A while back, I wrote a post about four words that the tech industry totally stole. Now that I think about it, there are tons of words that different industries repurpose as industry jargon.
Working as a writer in the tech industry, it used to bother me that this deviant vocabulary was being developed, but I came to see it as a plus. You build on the connotations of the original word and use that to increase acceptance or understanding of a concept when that word is used in an alternate context. Cool, right?
Maybe not for customers who aren’t so tech-savvy, who might be forced to navigate through bizarre industry-specific terminology in order to understand what a software product or service does.
This time, I’m approaching misuse of words in technology for the telecommunications industry. Here are five more words that they totally stole.
1. The exertion of force by means of a lever or an object used in the manner of a lever.
2. Use borrowed capital for (an investment), expecting the profits made to be greater than the interest payable.
So, leverage already has another alternate meaning, although this one was propagated by the financial and banking industries. It’s the use of weight through a mechanism to exert force upon another object. Although for banking, weight is the financial weight of borrowed funding to get enough force to exert great profit from an investment.
When it comes to using leverage in the tech industry, it is (mis)-used more often as a synonym of or euphemism for "reuse." For instance a server that has been leveraged to create a redundant software system or network is a server that has been reused for the purpose of back-up in order to make a system disaster-proof. Tech companies like to use leverage to indicate that they have the upper hand or an advanced tool at their disposal.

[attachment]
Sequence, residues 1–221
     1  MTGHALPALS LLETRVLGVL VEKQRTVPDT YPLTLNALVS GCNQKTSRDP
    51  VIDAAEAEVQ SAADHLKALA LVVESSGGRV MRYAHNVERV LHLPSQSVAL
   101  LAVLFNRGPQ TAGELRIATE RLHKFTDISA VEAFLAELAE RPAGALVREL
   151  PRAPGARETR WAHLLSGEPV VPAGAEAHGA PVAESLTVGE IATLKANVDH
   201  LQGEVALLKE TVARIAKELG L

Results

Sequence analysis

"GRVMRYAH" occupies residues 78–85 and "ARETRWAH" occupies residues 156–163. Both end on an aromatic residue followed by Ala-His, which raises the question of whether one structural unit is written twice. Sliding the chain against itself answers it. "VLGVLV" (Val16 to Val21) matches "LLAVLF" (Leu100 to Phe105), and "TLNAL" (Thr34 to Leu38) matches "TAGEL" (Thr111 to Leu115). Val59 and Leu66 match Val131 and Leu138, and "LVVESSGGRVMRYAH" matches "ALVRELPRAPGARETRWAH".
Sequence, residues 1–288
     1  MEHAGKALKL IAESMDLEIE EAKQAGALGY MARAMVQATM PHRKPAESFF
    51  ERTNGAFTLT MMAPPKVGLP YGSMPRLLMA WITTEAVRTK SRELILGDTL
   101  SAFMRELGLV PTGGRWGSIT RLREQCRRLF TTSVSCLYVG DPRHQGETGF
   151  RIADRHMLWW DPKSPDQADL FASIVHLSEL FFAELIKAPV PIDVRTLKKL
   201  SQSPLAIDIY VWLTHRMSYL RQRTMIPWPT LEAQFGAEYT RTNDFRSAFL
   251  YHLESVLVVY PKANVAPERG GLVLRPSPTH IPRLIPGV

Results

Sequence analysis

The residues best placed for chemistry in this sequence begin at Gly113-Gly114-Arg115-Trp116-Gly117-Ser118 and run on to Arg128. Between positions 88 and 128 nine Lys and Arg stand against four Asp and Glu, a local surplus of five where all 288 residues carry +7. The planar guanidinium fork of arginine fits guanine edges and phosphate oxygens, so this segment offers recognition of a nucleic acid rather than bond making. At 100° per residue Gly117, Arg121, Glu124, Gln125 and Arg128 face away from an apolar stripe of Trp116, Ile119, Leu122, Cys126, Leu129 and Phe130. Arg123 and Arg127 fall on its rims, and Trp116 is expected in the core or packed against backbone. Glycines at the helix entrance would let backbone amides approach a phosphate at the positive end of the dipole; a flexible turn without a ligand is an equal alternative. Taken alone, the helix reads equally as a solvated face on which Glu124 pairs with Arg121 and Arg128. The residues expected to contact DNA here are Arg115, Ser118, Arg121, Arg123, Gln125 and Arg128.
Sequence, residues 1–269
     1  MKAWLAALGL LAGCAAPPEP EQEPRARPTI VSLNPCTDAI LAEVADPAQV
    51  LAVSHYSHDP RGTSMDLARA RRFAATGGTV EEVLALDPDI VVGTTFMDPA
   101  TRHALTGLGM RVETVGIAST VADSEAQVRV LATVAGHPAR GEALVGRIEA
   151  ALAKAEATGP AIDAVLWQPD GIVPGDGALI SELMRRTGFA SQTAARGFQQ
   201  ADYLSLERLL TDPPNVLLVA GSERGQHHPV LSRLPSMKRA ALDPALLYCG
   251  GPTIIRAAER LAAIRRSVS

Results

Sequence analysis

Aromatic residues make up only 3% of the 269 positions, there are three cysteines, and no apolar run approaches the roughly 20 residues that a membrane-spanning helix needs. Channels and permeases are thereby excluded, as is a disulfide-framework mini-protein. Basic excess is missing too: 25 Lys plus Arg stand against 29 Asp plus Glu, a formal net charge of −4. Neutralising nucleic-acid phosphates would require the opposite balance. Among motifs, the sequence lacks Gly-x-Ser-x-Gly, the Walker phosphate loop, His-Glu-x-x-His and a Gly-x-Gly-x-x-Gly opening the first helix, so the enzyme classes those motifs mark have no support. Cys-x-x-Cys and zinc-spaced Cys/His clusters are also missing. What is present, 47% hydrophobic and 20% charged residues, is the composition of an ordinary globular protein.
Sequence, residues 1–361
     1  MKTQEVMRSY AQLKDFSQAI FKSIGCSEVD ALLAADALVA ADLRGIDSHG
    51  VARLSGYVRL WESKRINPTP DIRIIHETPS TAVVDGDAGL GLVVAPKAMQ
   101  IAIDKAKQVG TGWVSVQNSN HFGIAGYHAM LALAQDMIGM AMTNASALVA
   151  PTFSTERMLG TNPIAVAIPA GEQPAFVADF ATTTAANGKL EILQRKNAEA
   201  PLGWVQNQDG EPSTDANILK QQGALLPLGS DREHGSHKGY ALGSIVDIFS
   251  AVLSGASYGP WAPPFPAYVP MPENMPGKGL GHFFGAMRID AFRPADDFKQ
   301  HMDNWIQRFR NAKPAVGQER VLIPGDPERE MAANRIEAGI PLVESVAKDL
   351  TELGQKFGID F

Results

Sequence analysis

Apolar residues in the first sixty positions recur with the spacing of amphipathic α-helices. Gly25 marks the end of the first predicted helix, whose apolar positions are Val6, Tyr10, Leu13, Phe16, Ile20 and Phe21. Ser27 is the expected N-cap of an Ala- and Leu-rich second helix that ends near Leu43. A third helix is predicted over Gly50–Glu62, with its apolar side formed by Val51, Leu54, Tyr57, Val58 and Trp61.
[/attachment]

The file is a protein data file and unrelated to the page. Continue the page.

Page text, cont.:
- A person's inherent qualities of mind and character.
- An inclination or tendency.
Disposition is traditionally used to indicate the quality of a person’s attitude or character. Like, in the case of a teenager who’s moody all the time and listens to rock songs by other people who are moody and full of angst all the time. One might consider that individual to be of a poor disposition.
When it comes to technology and telecom; however, it is used to indicate the status of a call or an agent in a contact center. With contact center software, the disposition is a method of organizing calls by status, in order to determine what the best next step would be. A call disposition could include options such as busy, connect, rescheduled, or transferred.
The disposition of an agent isn’t their mood when they’re on the phone with a customer. Instead, it’s their status when logged into the system, or clocked in for the day; busy, available, or away.
park·ing (present participle of park)Verb
Bring (a vehicle that one is driving) to a halt and leave it temporarily, typically in a parking lot or by the side of the road.
Deposit and leave in a convenient place until required: "park your bag by the door".
Parking. That’s what you do with your car or alternate motorized vehicle, right? Nope. Wrong again, according to the tech industry. When it comes to contact center and voice technology, parking has nothing to do with physically leaving a vehicle in a designated space while its movements are disabled with a brake system.